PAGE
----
### SPSS Learning Module Using SPSS functions for making and recoding variables

#### 1. Introduction

SPSS has a wide variety of functions you can use for creating and recoding variables.  We will explore three kinds of functions: mathematical functions, string functions, and random number functions. These functions have the same general syntax:

function_name(argument1, argument2, etc.)

We will illustrate some functions using the following data file that includes name, x, test1, test2, and test3.

DATA LIST FREE /
name (A14)  x test1 test2 test3.
BEGIN DATA.
"John Smith"      4.2 86.5 84.55  81
"Samuel Adams"    9.0  -99 82.37 -99
"Ben Johnson"    -6.2 82.1 84.81  87
"Chris Adraktas"  9.5 94.2   -99  93
"John Brown"     -999 79.7 79.07  72
END DATA.

LIST.    

The output of the LIST command is shown below.

NAME                  X    TEST1    TEST2    TEST3

John Smith         4.20    86.50    84.55    81.00
Samuel Adams       9.00   -99.00    82.37   -99.00
Ben Johnson       -6.20    82.10    84.81    87.00
Chris Adraktas     9.50    94.20   -99.00    93.00
John Brown      -999.00    79.70    79.07    72.00

The variable x uses -999 to indicate missing values, and test1, test2 and test3 use -99 to indicate missing values.  Below we tell SPSS about these missing values and list out the data again.

MISSING VALUES x (-999)
/test1 test2 test3 (-99).

LIST.

The output is shown below.  Note that the data really does not look any different after we have defined the missing values.  But, as we will see below, SPSS does know to treat these values as missing rather than treating them as though they were -99 and -999.

NAME                  X    TEST1    TEST2    TEST3

John Smith         4.20    86.50    84.55    81.00
Samuel Adams       9.00   -99.00    82.37   -99.00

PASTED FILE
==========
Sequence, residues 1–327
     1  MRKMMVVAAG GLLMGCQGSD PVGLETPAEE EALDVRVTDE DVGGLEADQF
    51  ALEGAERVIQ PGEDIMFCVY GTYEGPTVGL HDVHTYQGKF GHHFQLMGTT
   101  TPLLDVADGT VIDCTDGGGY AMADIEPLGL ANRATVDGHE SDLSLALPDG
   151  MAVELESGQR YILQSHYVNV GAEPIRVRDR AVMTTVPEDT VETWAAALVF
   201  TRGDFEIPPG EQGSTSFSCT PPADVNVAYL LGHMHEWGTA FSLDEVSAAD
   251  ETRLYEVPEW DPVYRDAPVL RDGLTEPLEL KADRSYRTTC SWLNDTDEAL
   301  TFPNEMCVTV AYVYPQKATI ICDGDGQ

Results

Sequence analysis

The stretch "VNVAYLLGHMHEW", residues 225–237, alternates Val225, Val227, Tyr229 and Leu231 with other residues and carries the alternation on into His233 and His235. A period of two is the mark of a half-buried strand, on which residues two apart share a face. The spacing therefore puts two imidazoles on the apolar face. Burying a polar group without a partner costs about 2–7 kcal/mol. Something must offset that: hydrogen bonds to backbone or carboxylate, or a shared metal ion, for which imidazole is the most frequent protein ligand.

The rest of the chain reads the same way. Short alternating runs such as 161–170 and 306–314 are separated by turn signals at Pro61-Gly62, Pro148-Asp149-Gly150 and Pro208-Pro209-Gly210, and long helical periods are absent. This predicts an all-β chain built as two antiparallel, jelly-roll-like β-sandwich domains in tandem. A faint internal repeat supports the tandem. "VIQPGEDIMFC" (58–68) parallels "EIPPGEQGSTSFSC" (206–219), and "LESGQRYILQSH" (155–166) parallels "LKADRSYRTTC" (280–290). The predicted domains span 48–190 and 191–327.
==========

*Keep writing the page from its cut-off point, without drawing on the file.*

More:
Ben Johnson       -6.20    82.10    84.81    87.00
Chris Adraktas     9.50    94.20   -99.00    93.00
John Brown      -999.00    79.70    79.07    72.00

#### 2. Math functions

Now let's try some basic math functions. The trunc function (short for truncate) takes a number and converts it to a whole number (integer) by removing all the decimal places, for example, 6.99 and 6.49 would become 6.  By contrast, the rnd function (short for round) rounds numbers to the nearest whole number using conventional rounding rules, for example 6.99 would become 7, but 6.49 would become 6.

COMPUTE t1tr = TRUNC(test1).
COMPUTE t2tr = TRUNC(test2).

COMPUTE t1rnd = RND(test1).
COMPUTE t2rnd = RND(test2).

LIST name test1 t1tr t1rnd test2 t2tr t2rnd.

The results below are as we would expect.

NAME              TEST1     T1TR    T1RND    TEST2     T2TR    T2RND

John Smith        86.50    86.00    87.00    84.55    84.00    85.00
Samuel Adams     -99.00      .        .      82.37    82.00    82.00
Ben Johnson       82.10    82.00    82.00    84.81    84.00    85.00
Chris Adraktas    94.20    94.00    94.00   -99.00      .        .
John Brown        79.70    79.00    80.00    79.07    79.00    79.00

SPSS has other mathematical functions.  Below we illustrate functions for getting the square root (sqrt), natural log (ln), log to the base 10 (lg10) and exponential (exp).  Note that the sqrt, ln and lg10 functions do not work with negative numbers (for example you cannot take the square root of a negative number).  SPSS will generate missing values in such cases, as we will see below.

COMPUTE xsqrt = SQRT(x).
COMPUTE xln   = LN(x).
COMPUTE xlg10 = LG10(x).
COMPUTE xexp  = EXP(x).
EXECUTE.

LIST x xsqrt xln xlg10 xexp.
The results are shown below. We expected SPSS to generate missing values for xsqrt, xln and xlg10 when x was negative and we see below that those values are displayed as a single decimal point.  This is the way that SPSS shows a system missing value. Also, we see that xsqrt, xln, xlg10 and xexp  were all assigned system missing values when x was -999.
       X    XSQRT      XLN    XLG10     XEXP

4.20     2.05     1.44      .62    66.69
9.00     3.00     2.20      .95  8103.08
-6.20      .        .        .        .00
9.50     3.08     2.25      .98 13359.73
-999.00      .        .        .        .

The results also included warnings like the one shown below.  The one below is telling us that you cannot take the square root of a negative number and that SPSS is going to set the result to the system missing value.

Warning # 603
The argument to the square root function is less than zero.  The result has
been set to the system-missing value.

#### 3. Statistical functions